Many types of contracts include indemnification provisions. In a typical indemnification provision, one party (the indemnifying party) agrees to reimburse another party (the indemnified party) for specified recoverable damages that arise from certain covered events.
Such provisions usually state (a) the obligation of the indemnifying party to defend, indemnify and hold harmless, (b) the identity of the indemnified parties, (c) the types of recoverable damages, (d) the covered events for which indemnification will be provided, and (e) the required nexus between the covered events and the recoverable damages, i.e., the nexus phrase.
This article frequently references the sample indemnification provision below as an example:
Seller shall defend, indemnify and hold harmless Buyer, its affiliates, the successors and assigns of Buyer and its affiliates, and the stockholders, directors, officers, employees, agents and representatives of the foregoing parties from and against all losses, liabilities, claims, and causes of action, including attorneys’ fees and related defense costs (“Losses”), regardless of whether any such Losses are incurred directly by an indemnified party or in connection with a third-party claim, arising pursuant to or in connection with (a) the failure of the equipment to conform to its specifications or any express or implied warranties; (b) defects in the design, material or workmanship of the equipment; (c) any infringement by the equipment of third party intellectual property rights; (d) any breach of laws by Seller, its employees or contractors; or (e) the negligent acts and omissions of the Seller, its employees or contractors.
1. Indemnify, Defend and Hold Harmless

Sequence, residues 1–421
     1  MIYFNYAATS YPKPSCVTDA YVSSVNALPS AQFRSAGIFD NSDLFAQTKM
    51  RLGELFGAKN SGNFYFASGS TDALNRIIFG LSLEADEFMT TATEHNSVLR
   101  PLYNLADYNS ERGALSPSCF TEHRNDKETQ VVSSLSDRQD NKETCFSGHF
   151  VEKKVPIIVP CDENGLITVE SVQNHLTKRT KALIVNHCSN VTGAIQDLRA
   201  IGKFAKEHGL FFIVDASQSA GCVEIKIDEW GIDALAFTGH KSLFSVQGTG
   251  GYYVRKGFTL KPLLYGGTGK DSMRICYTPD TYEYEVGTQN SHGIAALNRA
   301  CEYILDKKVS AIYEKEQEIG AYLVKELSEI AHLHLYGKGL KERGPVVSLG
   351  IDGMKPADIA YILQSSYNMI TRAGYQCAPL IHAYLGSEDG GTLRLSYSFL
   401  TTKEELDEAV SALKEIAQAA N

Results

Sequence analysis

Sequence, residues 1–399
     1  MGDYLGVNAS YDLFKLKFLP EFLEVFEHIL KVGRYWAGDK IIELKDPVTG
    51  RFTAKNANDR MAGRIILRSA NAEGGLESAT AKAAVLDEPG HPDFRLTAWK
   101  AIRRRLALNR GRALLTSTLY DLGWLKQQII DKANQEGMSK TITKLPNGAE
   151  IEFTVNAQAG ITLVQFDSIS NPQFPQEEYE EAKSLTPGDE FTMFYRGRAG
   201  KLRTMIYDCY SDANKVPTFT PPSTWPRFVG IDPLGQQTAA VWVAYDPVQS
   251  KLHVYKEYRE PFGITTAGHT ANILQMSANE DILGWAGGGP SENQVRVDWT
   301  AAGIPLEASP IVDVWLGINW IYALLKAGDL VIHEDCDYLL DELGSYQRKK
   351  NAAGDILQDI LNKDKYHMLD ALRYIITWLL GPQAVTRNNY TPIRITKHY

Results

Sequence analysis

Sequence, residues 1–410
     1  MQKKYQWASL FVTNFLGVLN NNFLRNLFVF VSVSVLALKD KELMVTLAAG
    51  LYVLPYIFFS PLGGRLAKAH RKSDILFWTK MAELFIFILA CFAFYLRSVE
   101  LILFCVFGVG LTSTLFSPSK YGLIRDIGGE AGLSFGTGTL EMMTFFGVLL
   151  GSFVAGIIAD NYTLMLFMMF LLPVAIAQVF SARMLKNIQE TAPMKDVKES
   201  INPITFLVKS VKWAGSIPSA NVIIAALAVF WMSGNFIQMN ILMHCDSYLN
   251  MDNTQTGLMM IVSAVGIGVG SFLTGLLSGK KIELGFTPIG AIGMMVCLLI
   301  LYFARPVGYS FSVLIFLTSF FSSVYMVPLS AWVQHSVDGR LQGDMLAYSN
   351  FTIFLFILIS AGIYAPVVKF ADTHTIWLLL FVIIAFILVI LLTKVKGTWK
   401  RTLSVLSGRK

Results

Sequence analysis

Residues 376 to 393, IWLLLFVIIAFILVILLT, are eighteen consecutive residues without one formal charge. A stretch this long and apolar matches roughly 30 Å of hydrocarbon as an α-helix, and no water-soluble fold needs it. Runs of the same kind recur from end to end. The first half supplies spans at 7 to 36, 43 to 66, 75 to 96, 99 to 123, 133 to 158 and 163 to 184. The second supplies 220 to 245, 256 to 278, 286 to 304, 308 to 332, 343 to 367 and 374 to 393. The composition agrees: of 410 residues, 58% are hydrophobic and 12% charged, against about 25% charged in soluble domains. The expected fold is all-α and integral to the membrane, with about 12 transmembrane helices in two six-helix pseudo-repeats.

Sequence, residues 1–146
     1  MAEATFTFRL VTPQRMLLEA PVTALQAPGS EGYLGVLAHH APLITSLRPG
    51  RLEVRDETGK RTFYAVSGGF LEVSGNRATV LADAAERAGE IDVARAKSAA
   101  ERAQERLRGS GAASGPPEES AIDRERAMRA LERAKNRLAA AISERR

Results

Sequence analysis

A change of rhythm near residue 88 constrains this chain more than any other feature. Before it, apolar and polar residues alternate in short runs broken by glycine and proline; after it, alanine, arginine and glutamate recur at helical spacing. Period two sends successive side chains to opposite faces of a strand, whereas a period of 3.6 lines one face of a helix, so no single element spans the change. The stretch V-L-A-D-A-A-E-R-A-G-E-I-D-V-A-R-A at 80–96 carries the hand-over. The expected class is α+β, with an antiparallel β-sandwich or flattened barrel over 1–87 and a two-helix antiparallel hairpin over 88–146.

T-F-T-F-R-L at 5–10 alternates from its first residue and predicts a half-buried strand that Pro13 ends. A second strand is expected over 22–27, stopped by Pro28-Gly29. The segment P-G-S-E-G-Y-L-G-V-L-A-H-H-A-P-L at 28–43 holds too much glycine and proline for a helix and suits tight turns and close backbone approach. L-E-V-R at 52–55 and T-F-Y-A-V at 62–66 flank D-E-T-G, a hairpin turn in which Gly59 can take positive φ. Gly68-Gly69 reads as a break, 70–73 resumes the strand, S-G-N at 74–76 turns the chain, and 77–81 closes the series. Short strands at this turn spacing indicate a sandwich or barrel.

The obligations to “defend, indemnify and hold harmless” have separate and distinct legal meanings. The obligation to defend is distinct from the obligation to indemnify because, subject to any control of defense provisions providing otherwise, it requires the indemnifying party to defend in court the indemnified party from third party claims. Some states also have given the hold harmless obligation a distinct meaning from the indemnification obligation, holding that a hold harmless clause releases the indemnified party from any related claim or cause of action of the indemnifying party.
2. Identity of Indemnified Parties
Certain related parties of the indemnifying party may suffer damages or be sued in connection with a matter for which the indemnifying party is required to indemnify the indemnified party. The indemnified party thus should include under the indemnification provision any related parties that may suffer damages or be subject to third party claims in connection with any matter for which the indemnifying party is providing indemnification. The description of the indemnified parties under the sample indemnification provision above addresses this concern by including Buyer, its affiliates, the successors and assigns of Buyer and its affiliates, and the stockholders, directors, officers, employees, agents and representatives of the foregoing parties.
3. Types of Recoverable Damages
An indemnification provision should identify (a) what types of damages are covered, (b) whether direct claims are included as well as third party claims, and (c) whether attorneys’ fees are covered.